Moreover, retention rate helps businesses get answers to vital questions such as:
- When a new user enters the acquisition cycle, how long will the user stay with the product?
- What is customer satisfaction with the product?
- How often do customers leave the product completely to never return?
- How much can the company grow with the current retention rate and growth strategy?
As businesses continue to experiment with their strategies and evolve over time, the retention rate can paint a clear picture of what is working and what isn’t. Businesses that utilize retention rate as a decision-making metric can solve challenges better and drive customer engagement and satisfaction.
How to Calculate The Retention Rate?
Usually, the retention rate is calculated with the help of the number of users that have been retained over a specific period of time. Therefore, it is critical to know how many users were present on Day 1 of the retention period and how many of them were still active users on the last day of the retention period.
There are two major factors that are required to calculate the retention rate:
- User Action: The user action required to calculate the retention rate can be a user using the application, purchasing a plan, opting for a service, or visiting the website. Simply put, this is a critical action that the user takes which dictates if the user has been retained or not and can be decided by the business as per their goals.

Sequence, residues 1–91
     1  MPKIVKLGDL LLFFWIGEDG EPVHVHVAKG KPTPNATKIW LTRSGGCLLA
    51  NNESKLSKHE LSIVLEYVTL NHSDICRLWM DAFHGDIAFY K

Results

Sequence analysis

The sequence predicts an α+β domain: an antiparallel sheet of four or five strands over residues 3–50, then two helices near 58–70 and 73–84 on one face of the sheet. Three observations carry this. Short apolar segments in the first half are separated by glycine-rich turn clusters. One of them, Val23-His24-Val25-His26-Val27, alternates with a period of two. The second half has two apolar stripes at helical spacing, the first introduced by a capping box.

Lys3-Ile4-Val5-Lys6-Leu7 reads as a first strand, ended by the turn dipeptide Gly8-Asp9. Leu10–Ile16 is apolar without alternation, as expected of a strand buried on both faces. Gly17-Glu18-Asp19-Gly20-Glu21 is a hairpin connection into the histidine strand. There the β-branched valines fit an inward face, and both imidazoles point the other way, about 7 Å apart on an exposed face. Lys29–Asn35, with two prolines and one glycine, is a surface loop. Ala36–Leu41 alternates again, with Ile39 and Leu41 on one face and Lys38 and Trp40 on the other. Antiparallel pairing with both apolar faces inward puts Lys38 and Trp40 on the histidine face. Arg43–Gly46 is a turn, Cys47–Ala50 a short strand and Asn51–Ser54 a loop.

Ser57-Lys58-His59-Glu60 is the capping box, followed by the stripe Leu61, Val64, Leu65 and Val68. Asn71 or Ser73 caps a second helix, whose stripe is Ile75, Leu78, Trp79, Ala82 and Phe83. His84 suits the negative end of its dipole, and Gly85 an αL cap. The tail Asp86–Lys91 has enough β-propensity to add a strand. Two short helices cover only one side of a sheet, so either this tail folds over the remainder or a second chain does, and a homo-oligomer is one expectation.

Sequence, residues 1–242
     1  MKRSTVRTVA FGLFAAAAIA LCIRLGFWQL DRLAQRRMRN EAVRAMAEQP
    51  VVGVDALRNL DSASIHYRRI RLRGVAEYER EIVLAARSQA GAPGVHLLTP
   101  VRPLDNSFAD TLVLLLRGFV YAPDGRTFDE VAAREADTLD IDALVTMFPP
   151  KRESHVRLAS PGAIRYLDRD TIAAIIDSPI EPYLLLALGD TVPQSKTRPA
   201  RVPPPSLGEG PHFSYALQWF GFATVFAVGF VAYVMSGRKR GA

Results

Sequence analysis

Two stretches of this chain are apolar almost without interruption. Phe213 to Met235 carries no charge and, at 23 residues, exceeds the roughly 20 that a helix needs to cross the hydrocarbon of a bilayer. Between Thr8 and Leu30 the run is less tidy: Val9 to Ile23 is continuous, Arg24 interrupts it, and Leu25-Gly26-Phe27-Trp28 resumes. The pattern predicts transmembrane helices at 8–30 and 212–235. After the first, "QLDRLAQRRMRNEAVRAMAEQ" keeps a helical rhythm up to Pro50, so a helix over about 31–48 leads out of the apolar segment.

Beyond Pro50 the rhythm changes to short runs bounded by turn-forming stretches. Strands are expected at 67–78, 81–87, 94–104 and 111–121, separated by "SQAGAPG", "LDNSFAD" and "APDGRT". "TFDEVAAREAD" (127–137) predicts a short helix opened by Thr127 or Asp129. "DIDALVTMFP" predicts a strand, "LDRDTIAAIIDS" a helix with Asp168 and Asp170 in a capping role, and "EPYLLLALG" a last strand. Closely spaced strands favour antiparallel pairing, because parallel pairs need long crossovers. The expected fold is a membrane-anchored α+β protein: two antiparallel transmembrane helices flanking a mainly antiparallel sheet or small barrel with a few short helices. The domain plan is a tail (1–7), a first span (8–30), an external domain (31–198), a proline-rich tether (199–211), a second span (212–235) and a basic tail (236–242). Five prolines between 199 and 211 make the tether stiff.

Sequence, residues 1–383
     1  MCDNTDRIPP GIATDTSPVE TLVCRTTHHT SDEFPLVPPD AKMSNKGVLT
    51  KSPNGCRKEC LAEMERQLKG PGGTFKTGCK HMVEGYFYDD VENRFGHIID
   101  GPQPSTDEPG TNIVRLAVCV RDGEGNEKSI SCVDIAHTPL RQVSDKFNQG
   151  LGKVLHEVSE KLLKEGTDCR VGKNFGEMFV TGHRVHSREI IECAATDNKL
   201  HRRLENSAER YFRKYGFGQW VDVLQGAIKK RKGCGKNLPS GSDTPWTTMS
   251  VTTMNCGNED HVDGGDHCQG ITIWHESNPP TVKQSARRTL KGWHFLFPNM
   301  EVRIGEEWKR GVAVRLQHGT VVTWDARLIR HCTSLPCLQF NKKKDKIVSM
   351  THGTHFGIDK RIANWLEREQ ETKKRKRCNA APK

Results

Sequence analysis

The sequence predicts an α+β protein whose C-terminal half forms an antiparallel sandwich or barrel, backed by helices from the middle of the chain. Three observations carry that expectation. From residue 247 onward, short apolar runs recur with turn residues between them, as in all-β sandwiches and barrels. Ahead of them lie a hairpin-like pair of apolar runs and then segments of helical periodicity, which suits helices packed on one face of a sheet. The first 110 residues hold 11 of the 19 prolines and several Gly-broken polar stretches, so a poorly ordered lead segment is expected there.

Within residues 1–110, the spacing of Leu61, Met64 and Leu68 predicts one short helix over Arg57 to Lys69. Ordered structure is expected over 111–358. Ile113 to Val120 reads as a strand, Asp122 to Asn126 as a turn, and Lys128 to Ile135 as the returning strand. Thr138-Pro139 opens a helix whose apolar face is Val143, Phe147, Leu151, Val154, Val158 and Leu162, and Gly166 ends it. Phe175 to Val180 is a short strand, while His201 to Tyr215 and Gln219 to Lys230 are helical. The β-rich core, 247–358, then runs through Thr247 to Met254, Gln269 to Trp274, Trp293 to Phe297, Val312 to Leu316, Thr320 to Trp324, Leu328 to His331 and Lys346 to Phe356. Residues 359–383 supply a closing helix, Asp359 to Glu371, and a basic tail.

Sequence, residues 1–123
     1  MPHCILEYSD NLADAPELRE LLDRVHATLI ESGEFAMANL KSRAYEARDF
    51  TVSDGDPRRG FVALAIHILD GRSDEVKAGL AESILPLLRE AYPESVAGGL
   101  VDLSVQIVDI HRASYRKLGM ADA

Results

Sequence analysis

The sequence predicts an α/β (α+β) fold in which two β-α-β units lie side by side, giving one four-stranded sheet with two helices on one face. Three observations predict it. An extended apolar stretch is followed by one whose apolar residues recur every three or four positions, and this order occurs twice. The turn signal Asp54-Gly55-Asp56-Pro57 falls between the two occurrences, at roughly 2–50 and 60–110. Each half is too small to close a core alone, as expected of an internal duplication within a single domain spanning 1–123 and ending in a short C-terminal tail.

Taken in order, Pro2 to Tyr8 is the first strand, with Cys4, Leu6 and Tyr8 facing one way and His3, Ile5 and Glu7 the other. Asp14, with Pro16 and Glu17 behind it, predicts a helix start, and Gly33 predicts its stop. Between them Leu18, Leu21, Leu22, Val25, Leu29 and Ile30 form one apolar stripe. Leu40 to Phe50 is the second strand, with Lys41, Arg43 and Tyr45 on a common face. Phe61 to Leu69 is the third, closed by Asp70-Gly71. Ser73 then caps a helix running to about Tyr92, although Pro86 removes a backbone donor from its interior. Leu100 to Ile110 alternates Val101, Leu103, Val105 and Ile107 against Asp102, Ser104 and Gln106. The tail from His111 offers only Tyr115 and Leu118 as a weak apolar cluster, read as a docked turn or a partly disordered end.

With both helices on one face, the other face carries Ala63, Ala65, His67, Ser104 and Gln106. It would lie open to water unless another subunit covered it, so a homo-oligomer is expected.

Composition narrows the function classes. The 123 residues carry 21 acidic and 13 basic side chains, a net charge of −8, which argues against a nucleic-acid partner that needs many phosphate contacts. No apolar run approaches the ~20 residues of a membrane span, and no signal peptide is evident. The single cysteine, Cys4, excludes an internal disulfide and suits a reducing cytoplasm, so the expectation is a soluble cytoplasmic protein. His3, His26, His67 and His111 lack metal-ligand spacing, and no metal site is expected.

- Time Period: Retention rates can be calculated over any time period. Many sectors use a 30-day period to calculate retention rates, but a broader picture can be achieved through half-yearly or yearly retention rates as well. Similarly, for high-volume applications that have daily use, 24-hour or 2-day, 5-day, and weekly retention rates can prove to be the right choice. Therefore, while calculating, ensure that you know which time period the retention is being measured for.
To showcase the calculation of retention rate, let us take an example. Let’s say we want to calculate the retention rate for a mobile game over a period of 30 days. Here’s what the retention rate will look like.
Retention Rate = (Number of users that played the game in 30 days / Total number of active users at the start of the 30-day period) * 100
Therefore, if the game has 1000 players at the start of the 30-day period and 400 people played the game during the period, the retention rate will be:
Retention Rate = (400/1000)*100 = 40%
However, if the decided user action is simply keeping the application on the device or opening the application, efficient retention rate calculation also requires subtracting new users that join in during the calculation period. Therefore, the retention rate formula can also be: